The Passaic DPW has been hard at work this summer and fall removing dead and dying trees from Memorial Park. Today they took down a maple tree that had been mostly dead for several years. I have walked past this tree twice a day most work days for the past thirteen years. This spring in particular I heard a red-bellied woodpecker in this tree most mornings and some afternoons. I saw him occasionally. There were several cavities that could provide nesting spots near the top of the tree.
Other trees in the park with similar dead branches and trunks, potential nesting spots for these woodpeckers, have also been marked for removal. Some have already been removed.
I’m pleased that the city is taking steps to clean up the park in this way. If these trees or branches from these trees were to come down in a storm, people could be hurt or killed or cars could be damaged. Part of the city’s motivation, no doubt, is to remove dangers that could result in lawsuits.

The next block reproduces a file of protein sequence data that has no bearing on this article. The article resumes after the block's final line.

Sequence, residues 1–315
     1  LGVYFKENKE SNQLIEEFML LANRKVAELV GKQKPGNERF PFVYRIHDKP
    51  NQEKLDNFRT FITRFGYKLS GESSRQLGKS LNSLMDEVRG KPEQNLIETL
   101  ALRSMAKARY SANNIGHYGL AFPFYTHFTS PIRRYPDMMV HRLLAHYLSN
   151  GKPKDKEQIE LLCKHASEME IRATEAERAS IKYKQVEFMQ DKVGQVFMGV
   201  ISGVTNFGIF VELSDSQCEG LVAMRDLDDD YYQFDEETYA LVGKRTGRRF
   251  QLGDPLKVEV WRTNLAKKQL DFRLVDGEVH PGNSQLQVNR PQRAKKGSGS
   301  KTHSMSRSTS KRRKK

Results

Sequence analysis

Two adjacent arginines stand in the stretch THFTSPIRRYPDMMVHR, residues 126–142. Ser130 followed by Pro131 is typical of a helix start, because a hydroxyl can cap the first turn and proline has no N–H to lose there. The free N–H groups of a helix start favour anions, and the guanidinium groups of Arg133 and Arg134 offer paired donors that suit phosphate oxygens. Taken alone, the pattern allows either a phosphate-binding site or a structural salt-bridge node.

Observing the one-year anniversary of Superstorm Sandy, the Herald News carried an article about efforts throughout Northern New Jersey to remove trees that could come down and do significant harm in the next big storm.
The desire to prevent damage and injury in in residential neighborhoods is understandable.
On the other hand, where will these beautiful birds go in the spring to build their nests? Are there enough older trees for all of the woodpeckers who are likely to return to this area this coming spring?
It’s twilight at both ends of the work day now when I walk through the park, so I don’t have a photo to post.